Yesterday, the Leafs signed a college kid named Spencer Abbott. I know rather little about him other than the fact that he’s not very tall (so he’s more Costello than Abbott already), so all I can really say is that I hope he’s more Tyler Bozak than Brayden Irwin. (I’m not going near Adam Oates or Martin St. Louis.) Also, given that he’s somewhat short, I hope he’s really, really fast.
After the news was announced, I read in at least four separate places the quip about “Where’s Costello?”
Well, as it turns out, we’ve already had a couple Costellos in Toronto. People just (sometimes mercifully) forget.
The first Costello was Les, eventually Father Les (not fatherless). Les Costello was a St. Mike’s grad who then apprenticed with the Leafs’ farm club in Pittsburgh. He scored 32 goals there as a 19-year-old in ’47-48 and was rewarded with a callup to the Leafs during the 1948 Cup run. In five playoff games, he scored two goals and added two assists.
He saw some regular-season action in 1948-49, scoring two more goals and adding three assists in his 15 games. He spent the balance of the season and all of the next one back in Pittsburgh. Two Leaf games in the 1950 NHL playoffs were the last he’d play.
After the 1949-50 season ended, Les, just 21, decided instead to follow his other calling and joined the priesthood. As Father Les Costello, he served for many years in the Timmins/South Porcupine area where he’d grown up. He was also well-known for playing hockey with a team called the Flying Fathers. At age 74 in 2002, he was hit by a puck at a Flying Fathers game and died not long afterwards. 2200 people came to his funeral in Timmins.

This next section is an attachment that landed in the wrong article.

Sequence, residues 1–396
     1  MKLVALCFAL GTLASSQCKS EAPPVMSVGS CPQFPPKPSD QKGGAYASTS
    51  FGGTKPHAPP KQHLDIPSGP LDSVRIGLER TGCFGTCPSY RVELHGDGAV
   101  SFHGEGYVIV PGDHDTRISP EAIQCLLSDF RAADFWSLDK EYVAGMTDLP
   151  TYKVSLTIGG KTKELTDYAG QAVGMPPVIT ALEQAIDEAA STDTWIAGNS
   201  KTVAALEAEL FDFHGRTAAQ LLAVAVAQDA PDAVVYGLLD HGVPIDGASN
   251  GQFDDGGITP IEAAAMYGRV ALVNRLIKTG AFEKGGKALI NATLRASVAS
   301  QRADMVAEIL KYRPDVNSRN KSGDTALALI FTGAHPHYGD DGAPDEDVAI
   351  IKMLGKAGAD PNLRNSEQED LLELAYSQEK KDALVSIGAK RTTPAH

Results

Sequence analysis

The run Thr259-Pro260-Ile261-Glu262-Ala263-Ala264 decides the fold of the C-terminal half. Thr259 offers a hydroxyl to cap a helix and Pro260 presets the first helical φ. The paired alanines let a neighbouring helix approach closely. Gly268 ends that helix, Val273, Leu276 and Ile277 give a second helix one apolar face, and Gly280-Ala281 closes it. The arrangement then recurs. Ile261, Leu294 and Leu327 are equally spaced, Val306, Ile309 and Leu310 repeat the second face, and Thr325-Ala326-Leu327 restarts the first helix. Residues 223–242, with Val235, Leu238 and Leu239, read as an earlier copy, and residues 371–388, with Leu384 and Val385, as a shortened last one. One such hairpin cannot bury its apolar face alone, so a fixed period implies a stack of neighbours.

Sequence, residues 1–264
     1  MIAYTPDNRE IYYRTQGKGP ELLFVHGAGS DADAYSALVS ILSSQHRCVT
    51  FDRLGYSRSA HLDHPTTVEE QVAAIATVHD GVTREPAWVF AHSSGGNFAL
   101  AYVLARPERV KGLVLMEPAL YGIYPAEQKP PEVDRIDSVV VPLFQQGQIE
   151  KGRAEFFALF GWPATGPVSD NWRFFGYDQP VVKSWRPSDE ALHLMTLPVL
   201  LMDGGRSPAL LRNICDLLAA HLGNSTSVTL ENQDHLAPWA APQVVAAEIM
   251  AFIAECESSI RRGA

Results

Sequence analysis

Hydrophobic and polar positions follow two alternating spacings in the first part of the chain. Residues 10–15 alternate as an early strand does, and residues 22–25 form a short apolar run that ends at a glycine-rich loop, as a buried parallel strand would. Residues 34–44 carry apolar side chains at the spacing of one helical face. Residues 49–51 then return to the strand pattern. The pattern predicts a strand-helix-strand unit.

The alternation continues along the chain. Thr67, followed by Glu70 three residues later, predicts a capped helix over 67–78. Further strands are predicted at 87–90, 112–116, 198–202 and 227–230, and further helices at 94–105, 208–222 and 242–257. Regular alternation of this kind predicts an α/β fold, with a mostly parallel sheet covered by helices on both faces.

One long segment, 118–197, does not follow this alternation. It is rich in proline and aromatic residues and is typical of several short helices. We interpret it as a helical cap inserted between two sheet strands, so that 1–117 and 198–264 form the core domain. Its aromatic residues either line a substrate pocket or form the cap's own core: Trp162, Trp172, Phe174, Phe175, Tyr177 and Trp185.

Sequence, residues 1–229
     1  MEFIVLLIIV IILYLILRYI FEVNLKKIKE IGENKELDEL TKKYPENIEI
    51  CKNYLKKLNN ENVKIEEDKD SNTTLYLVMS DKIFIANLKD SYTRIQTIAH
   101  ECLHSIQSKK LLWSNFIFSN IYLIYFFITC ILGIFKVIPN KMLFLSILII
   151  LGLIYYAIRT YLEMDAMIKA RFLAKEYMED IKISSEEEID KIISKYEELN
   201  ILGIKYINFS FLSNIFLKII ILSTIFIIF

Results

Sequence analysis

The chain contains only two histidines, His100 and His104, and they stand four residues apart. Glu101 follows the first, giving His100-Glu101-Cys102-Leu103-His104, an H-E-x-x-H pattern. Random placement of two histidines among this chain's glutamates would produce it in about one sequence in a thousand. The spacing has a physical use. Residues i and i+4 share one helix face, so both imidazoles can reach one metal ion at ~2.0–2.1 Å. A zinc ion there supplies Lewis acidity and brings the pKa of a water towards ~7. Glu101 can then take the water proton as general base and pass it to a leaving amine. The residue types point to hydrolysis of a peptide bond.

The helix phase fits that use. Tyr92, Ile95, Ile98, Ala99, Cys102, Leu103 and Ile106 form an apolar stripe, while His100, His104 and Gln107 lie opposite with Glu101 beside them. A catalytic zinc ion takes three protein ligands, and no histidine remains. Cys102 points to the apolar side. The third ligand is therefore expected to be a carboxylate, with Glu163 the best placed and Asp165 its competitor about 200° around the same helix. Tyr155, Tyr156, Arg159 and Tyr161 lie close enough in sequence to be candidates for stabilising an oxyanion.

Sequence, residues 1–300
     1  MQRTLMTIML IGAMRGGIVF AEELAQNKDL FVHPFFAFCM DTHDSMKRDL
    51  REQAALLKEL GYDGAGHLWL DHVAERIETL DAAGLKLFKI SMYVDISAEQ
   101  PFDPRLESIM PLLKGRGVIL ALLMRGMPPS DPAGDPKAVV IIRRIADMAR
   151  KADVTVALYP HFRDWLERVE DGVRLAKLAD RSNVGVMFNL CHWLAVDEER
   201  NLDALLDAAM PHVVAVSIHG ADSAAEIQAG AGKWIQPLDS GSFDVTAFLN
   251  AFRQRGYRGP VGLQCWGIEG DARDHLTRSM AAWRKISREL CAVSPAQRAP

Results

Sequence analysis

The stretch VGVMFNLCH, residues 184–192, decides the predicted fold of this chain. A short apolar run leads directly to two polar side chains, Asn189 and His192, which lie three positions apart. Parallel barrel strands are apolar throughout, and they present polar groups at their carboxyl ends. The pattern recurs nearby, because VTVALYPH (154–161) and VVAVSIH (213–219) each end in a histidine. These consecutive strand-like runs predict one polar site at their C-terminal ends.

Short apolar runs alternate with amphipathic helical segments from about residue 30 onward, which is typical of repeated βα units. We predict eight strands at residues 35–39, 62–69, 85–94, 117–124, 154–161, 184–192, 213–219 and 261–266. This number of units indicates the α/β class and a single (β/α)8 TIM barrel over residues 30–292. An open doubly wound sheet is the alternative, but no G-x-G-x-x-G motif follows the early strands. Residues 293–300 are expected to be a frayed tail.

(See Joe Pelletier for a longer writeup)
The other Costello was Rich, a Flyers prospect who was traded to the Leafs in 1982. Rich had been drafted in the second round by Philly in 1981. An American who’d put up big numbers in high school and had a single season of junior B in Canada with a team in Pickering, he had promise but was pretty unproven. At the time of the trade, he was a freshman at Providence.
Rich came to the Leafs with a second-rounder the Leafs used to draft Peter Ihnacak, who was pretty decent when he was healthy, and a player-to-be-named-later (Ken Strong, one of just a handful of Streetsville Derby alumni to see NHL action).
Costello played 10 games with the Leafs in ’83-84, scoring two goals and an assist and was a -5. He got into two more in ’85-86, picking up one more assist. Beyond that, he was a Leaf farmhand for parts of four years, scoring 40 points in his best AHL season.
Lots of prospects don’t pan out, so Rich can’t particularly be blamed for that. Rich Costello just stands out because of the person who went the other way in that trade with Philly:
We shall never speak of this again.